It’s common for people to make assumptions and judgments about couples who have a clear age disparity. We’ve all heard the terms: cougar, cradle-snatcher, sugar-daddy, boy toy, trophy wife. Females and males with younger partners are considered predatory while the younger partners are often seen in a negative light. Age gaps draw unwanted attention and unsolicited opinions of friends, strangers and gossips but what’s wrong with an age gap? When you meet someone who shares your vision, your values and your interests, will a decade or two ultimately come between you?
If you’ve ever been in a relationship where there’s a significant age difference, you’ll know how hard it can be to tolerate the external judgments and flippant comments that reduce your relationship to an unflattering label. Although these comments may be degrading and often hurtful, the best way to deal with them is to take an objective look at who and where they are coming from.
People fear what they don’t understand and large age gaps are not the social norm. The average gap between first-time married couples in New Zealand is two years. It is more common for men to be older than women in a relationship too. If your relationship doesn’t ‘conform’ to the status quo, chances are that you’ll come under extra external scrutiny from peers, friends and loved ones.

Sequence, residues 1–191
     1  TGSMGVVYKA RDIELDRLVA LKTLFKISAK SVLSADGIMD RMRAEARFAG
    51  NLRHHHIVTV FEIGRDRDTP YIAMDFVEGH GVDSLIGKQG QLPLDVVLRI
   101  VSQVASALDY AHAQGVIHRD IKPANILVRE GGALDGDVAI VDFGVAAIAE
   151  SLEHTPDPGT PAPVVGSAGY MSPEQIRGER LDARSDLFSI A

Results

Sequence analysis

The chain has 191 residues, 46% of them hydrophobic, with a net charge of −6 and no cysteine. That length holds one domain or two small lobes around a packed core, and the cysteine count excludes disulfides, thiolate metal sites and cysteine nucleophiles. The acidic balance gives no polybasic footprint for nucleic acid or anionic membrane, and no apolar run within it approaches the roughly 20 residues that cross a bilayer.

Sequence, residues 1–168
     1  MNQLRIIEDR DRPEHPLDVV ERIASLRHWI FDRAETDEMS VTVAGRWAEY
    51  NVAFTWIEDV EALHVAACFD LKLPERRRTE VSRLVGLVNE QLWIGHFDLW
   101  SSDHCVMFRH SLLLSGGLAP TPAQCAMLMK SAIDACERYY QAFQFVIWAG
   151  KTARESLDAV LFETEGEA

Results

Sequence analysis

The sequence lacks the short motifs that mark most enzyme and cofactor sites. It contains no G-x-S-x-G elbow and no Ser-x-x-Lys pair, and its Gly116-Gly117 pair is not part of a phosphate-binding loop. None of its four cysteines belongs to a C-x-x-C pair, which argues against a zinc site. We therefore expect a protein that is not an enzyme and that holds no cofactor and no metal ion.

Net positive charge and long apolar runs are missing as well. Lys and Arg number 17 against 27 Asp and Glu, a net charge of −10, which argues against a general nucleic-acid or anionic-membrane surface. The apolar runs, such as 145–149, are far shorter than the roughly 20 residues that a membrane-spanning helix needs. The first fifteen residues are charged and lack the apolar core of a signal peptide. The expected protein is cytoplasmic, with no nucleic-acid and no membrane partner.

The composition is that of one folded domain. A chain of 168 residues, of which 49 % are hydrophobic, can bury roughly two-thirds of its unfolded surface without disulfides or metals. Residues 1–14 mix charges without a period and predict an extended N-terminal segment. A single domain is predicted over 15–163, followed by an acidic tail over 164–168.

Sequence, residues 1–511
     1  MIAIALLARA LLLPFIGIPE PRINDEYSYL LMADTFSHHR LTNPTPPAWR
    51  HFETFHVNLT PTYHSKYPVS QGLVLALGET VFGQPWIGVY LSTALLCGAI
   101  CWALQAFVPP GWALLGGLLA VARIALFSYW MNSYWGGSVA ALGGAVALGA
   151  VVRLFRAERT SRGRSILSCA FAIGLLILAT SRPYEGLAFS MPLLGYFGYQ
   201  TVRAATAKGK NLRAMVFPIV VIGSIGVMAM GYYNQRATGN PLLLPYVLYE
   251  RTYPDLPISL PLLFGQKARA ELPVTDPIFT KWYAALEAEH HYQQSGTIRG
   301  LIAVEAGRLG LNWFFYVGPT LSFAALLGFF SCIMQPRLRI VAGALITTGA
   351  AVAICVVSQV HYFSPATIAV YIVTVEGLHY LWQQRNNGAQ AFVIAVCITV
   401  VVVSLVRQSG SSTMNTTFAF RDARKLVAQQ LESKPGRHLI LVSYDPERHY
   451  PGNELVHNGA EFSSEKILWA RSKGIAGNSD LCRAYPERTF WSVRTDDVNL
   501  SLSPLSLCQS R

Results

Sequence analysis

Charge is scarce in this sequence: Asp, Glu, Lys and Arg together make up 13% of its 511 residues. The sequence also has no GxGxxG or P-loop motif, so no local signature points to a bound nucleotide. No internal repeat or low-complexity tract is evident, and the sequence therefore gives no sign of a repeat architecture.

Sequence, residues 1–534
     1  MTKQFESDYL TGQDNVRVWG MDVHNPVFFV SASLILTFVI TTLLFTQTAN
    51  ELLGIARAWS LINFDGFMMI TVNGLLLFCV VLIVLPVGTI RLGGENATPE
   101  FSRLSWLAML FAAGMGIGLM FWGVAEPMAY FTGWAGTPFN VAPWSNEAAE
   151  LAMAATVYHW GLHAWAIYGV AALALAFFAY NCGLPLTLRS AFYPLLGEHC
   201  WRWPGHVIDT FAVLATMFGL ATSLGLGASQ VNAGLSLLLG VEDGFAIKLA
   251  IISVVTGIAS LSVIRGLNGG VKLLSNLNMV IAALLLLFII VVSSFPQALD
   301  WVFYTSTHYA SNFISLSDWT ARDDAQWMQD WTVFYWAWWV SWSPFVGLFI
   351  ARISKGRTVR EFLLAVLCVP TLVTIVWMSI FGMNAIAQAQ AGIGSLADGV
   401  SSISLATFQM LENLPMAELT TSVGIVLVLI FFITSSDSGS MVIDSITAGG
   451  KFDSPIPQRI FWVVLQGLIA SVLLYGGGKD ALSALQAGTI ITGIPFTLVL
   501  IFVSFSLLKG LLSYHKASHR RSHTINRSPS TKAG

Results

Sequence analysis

Assessing the Gap
When you’re younger, age seems extremely significant but as you get older, the significance seems to diminish. A large age gap may feel quite insignificant at the outset, particularly during the middle part of
your life, however considering the long-term implications of the gap is important. Lifestyle choices like children and retirement will have a significant impact on your relationship regardless of age but an age gap may increase their impact. Think about how a significant age difference may change your relationship, in both positive and negative ways, five, ten or twenty years into the future.
Compatibility matters more than age however age may impact on compatibility. We tend to gravitate towards people with whom we share common interests, values and ideals. Some of these common interests are born of shared cultural and social experience; for example, we may be attracted to people from the same region as us or to those who grew up in the same decade. You may experience a generation gap with your older or younger partner; your tastes in music, television, books and films may not gel. This is ok, as long as you don’t expect the other person to defer to your preferences all the time.
Understand the Motivation
Although you don’t owe anyone an explanation for your choice of partner regardless of the age gap, it is a good idea to look at some of the underlying drivers that may exist in your relationship. Looking at these motivations objectively will allow you to understand your relationship (and those judging it from the outside) a little bit better. People who have older partners are often seeking security (financial and emotional) while those with younger partners may like the respect their partner has for their experience. These motivations aren’t necessarily bad but make sure you recognise them as significant to your relationship. And be honest with yourself about your partner’s motivations to avoid being taken advantage of emotionally or financially.
Compatibility, companionship, love and mutual respect can be found with the right someone, regardless of age. Consider age as just one of many factors in your search for your someone.
Images from ‘The Graduate’ 1967